Cost: $19.99 for 12 ounces

Chai hot chocolate: Three-and-a-half hot chocolate cups

Every holiday season, my family splurges on some Williams-Sonoma hot chocolate, which is made from shavings of premium bittersweet Guittard chocolate that melts well in milk. Last year, we tried the salted caramel version and were not impressed. It screamed “here’s some salted caramel because we thought we’d cash in on this trendy flavor profile.” The salted caramel flavoring was so strong, it tasted artificial.

We had better luck this year with the chai hot chocolate, which includes flavors of vanilla, cinnamon, cardamom, ginger and cloves. This was much more subtly flavored and well balanced. Whereas I will never touch the salted caramel again, I’ve gone back to the chai hot chocolate two or three times and still have it on the shelf at home.




425 Fore St., Portland

Variety: Drinking chocolate

Cost: $3.50

Four cups of hot cocoa

Portland’s two competing gelato shops are also fierce competitors when it comes to hot chocolate. Both stores have out-of-this-world classic hot chocolate, but they are also very different, so it’s hard to say I prefer one over the other. If you are looking for something that is absolutely rich and the very definition of the word “decadent,” the Gelato Fiasco hot chocolate is the one for you. It may be too rich for some people, but if you’re in the mood, trust me, this is a treat.

The drinking chocolate is made with chocolate gelato before it’s been frozen — be careful, I can hear you drooling from here — which gives it a thickness and creaminess unlike any other hot chocolate I’ve tried around town. According to the woman who made mine, the gelato is combined with whole milk and a splash of choclate-flavored syrup. An infusion of peppermint is optional. (I declined this and drank mine “straight.”)


For toppings, you can have either whipped cream or a big homemade marshmallow shaped like a star. I chose the marshmallow, and the woman behind the counter got out a little hand-held torch and “roasted” it for me.

This drink was just exquisite. Extremely rich, but exquisite.



82 Middle St., Portland

Varieties: Double dark, white chocolate mocha, Aztec


Cost: $10.50 for a 9-ounce package that makes 8 to 10 cups

White chocolate mocha: Aztec: three-and-a-half cups of hot cocoa

You can’t buy individual cups of Dean’s Sweets hot chocolates. They are only sold in take-home mixes.

Dean Bingham recommends using a heaping tablespoon of mix for each cup, then letting his cocoas sit for about 45 seconds before drinking so the chocolate chips in the mix have a chance to melt. Then, he says, it should be whipped or shaken to get it nice and frothy.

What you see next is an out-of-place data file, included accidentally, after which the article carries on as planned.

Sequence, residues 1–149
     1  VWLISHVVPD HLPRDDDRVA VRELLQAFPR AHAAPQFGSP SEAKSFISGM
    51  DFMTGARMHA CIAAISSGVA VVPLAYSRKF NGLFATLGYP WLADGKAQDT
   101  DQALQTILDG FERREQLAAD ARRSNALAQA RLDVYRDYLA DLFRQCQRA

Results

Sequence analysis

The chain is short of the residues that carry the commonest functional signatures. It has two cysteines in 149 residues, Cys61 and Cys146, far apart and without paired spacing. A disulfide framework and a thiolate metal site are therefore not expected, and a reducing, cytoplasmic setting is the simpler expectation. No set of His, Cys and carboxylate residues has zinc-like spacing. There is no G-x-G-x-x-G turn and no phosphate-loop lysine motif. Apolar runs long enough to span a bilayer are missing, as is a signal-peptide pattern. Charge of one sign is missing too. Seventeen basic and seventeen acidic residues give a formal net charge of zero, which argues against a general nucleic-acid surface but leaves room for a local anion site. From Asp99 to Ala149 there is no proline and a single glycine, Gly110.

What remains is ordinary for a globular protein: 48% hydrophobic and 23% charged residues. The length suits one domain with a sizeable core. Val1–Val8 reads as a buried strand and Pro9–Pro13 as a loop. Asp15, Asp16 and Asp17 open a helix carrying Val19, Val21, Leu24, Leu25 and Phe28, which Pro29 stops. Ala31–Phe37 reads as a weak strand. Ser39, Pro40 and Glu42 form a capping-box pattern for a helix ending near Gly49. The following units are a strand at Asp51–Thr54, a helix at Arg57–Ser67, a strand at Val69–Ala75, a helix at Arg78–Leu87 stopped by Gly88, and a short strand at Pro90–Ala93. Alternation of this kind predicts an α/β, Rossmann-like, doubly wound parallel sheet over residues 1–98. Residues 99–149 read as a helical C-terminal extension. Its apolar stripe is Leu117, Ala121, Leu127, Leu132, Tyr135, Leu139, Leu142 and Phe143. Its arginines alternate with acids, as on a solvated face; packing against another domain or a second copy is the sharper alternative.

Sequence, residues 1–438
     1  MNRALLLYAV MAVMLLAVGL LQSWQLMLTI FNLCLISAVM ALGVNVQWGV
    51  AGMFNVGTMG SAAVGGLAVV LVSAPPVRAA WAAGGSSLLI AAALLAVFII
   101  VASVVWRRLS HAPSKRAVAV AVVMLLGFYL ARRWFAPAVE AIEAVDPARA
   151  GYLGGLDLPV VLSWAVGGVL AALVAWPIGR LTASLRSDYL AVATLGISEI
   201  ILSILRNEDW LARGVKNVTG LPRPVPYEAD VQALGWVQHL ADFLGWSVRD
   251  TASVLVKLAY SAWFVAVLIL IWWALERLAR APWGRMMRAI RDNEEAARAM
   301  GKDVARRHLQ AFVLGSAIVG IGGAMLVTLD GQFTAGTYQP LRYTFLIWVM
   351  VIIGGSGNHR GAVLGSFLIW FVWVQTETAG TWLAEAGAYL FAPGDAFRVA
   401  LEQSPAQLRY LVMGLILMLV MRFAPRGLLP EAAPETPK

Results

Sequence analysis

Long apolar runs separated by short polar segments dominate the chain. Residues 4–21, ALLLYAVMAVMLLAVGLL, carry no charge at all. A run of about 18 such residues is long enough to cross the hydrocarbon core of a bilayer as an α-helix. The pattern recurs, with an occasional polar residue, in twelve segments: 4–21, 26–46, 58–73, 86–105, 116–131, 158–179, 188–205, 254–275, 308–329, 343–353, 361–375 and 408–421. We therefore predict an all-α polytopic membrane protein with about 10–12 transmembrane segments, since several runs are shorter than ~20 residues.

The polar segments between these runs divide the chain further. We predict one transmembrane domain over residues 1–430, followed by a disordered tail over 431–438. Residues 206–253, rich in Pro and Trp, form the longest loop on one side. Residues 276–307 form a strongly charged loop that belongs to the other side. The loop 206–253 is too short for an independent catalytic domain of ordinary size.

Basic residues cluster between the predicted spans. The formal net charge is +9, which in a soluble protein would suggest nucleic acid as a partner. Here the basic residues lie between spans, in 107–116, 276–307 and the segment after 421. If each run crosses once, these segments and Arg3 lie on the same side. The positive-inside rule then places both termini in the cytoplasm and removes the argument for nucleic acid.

I tried two of Bingham’s three cocoas, adding froth to both with my hand blender. The white chocolate mocha contains unsweetened cocoa powder, white chocolate chips and a Coffee By Design Italian roast coffee in a Turkish grind. That, Bingham says, “means that you end up with a little bit of residue at the bottom of the cup, but it gives you great coffee flavor.”

The white chocolate mocha is for the person who doesn’t like their hot chocolate very sweet. It had a mild bitterness to it, and I couldn’t detect much white chocolate flavor — maybe I didn’t spoon enough white chocolate chips into the cup. I like mochas, though, and this was a nice change of pace after trying so many other sweet hot chocolates around town. But it’s not something I would have, say, every weekend.


I much preferred the Aztec chocolate, which Bingham says is his favorite as well. The hot chocolate’s heat and flavor comes from a blend of cayenne, cinnamon and star anise. I thought the star anise was an especially nice touch. The cayenne gave it plenty of heat, but not enough to overwhelm the chocolate flavor.

Dean’s Sweets also makes homemade marshmallows for those who prefer something better, and lighter, than what comes in the plastic packages at the grocery store.



9 Monument Square, Portland

Varieties: Peppermint cocoa, plus others made with flavored syrups


Cost: $2.75 for a smallTwo-and-a-half hot cocoa cups

This is your standard cocoa, made with cocoa, sugar, whole milk and flavored syrup. But it was good, and the peppermint flavor wasn’t too strong. If you like peppermint cocoa and want to just grab one on the way to work, this one will serve you well.Staff Writer Meredith Goad can be contacted at 791-6332 or at:

Twitter: MeredithGoad